Procedure Turn on all gas tanks, anaylyzer and computers. It takes 30 min for gas pump to warm up., calibrate with spirometer, pt breaths normally, pt exhale completely (raise finger when done), pt inhale completely and hold breath until complete (11 seconds)
How much of exhaled volume is discarded 1000 ml (at east 750 ml)
Results are reported at STPD
How many tests do you perform at least 2 but no more than 5
How many times do you calibrate daily or 2 x a day
What does silica gel do absorbs moisture
Normal predicted 80-120%
Indications for DLCO asthma vs emphysema, follow up of emphysema, disability, effects of chemo or other drugs
Hemoglobin binds 210 x faster
What is mormal diffusion 25ml/min/mmhg STPD
What can cause decrease DLCO O2 toxicity, emphysema
What can cause increase DLCO polycythemia, LEft heart failure, high altitudes, excercise
Question Answer
atelectasis abnormal collapse of distal lung parenchyma
continuous positive airway pressure (CPAP) method of ventilatory support whereby the patient breathes spontaneously without mechanical assistance against threshold resistance, with pressure above atmospheric maintained at the airway throughout breathing
intermittent positive airway pressure breathing (IPPB) application of positive pressure breaths to a patient for relatively short period of time (10 to 20 minutes)
incentive spirometry (IS) the process of encouraging the bedridden patient take deep breaths to avoid atelectasis; most often done with use of an incense barometer that provides feedback to the patient when a predetermined lung volume is reached during and inspiratory breath
lobar atelectasis alveolar collapse involving a specific lobe of the lung
passive atelectasis collapse of distal in lung units due to persistent ventilation with small tidal volumes
positive expiratory pressure (PEP) airway clearance technique in which the patient exhales against a fixed orifice flow resister in order to help move secretions into the larger airways for expectoration via coughing or swallowing
resorption atelectasis collapse of distal lung units due to mucous plugging of airway

 

Question Answer
aerosol suspension of solid or liquid particles in a gas
aerosol output weight or mass of aerosol particles produced by nebulizer per unit time or volume
aging (aerosol) the process in which aerosol particles change size due to evaporation or hygroscopic properties
atomizer device that produces an aerosol suspension of liquid particles without using baffles to control particle size
baffle surface in a nebulizer designed specifically to cause infection of large aerosol particles, causing either further fragmentation or removal from the suspension via condensation back into the reservoir
breath actuated nebulizer aerosol device that is responsive to the patient’s inspiratory effort and reduces or eliminates aerosol generation during exhalation
breath enhanced nebulizer nebulizers that entrain air through the nebulizer during inspiration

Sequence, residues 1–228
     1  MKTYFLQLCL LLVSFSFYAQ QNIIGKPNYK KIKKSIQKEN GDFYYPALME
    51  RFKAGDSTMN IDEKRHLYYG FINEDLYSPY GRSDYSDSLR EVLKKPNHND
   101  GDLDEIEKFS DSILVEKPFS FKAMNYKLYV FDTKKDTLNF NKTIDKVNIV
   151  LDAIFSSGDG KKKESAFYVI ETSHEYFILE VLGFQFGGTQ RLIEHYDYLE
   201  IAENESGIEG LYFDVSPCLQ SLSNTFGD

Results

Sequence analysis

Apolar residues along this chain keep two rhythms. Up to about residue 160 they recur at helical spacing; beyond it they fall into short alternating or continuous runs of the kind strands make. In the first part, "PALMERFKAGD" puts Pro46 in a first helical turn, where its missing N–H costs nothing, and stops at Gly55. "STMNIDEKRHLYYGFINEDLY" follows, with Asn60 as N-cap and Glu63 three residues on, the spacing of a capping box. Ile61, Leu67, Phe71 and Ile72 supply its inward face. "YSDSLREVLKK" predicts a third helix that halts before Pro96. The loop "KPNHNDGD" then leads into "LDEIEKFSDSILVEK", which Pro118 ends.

chloroflurocarbons (CFCs) propellants such as freon that were once used to power MDIs
deposition refers to the amount of medication that is deposited onto the airways
emitted dose mass of drug leaving the mouthpiece of the nebulizer or inhaler as aerosol
fine particle fraction the portion of the drug mass in particles that are small enough to reach the lower respiratory tract
geometric standard deviation (GSD) the variability of particle sizes in an aerosol distribution set at one standard deviation above or below with the median
heterodisperse referring to an aerosol consisting of particles of varying diameters in sizes
hydrofluoroalkane (HFA) The new, more environmental friendly propellant for MDIs
hygroscopic attracting or absorbing moisture from the air
inertial impaction deposition of particles by collision with a surface; the primary mechanism for pulmonary deposition of particles over 5 mm in diameter
inhaled mass the amount of drug inhaled
mass median aerodynamic diameter (MMAD) method used to describe aerosol particle size
nebulizer device that produces an aerosol suspension of what would particles in a gaseous medium using baffling to control particle size
propellant something that propels, provides thrust, as a propellant in a metered dose inhaler
residual drug volume medication that remains in a small volume nebulizer after the device is no longer producing mist
respirable mass proportion of aerosol drug of the proper particle size to reach the lower respiratory tract
scintigraphy the method used to measure the distribution of a drug utilizing radioactive tags
sedimentation primary mechanism for deposition of particles 1 to 5 mm in diameter in the Central Airways, when particles slow and settle out of suspension
therapeutic index difference between the minimum therapeutic and minimum toxic concentrations of a drug
volume median diameter expresses average particle size for laser diffraction
monodisperse referring to an aerosol in which particles are of uniform size
Question Answer
Anemia abnormal condition characterized by a reduction in the number of circulating red blood cells or the amount of normal hemoglobin available to carry oxygen
Bands immature neutrophils that have banned its shape of the nucleus
Erythrocytes red blood cell
Hyperglycemia abnormal increase in serum glucose
Hyperkalemia greater than normal amounts of potassium in the blood
Hypernatremia greater than normal concentration of sodium in the blood; caused by excessive loss of water and electrolytes owing to polyurea, diarrhea, excessive sweating, or inadequate water intake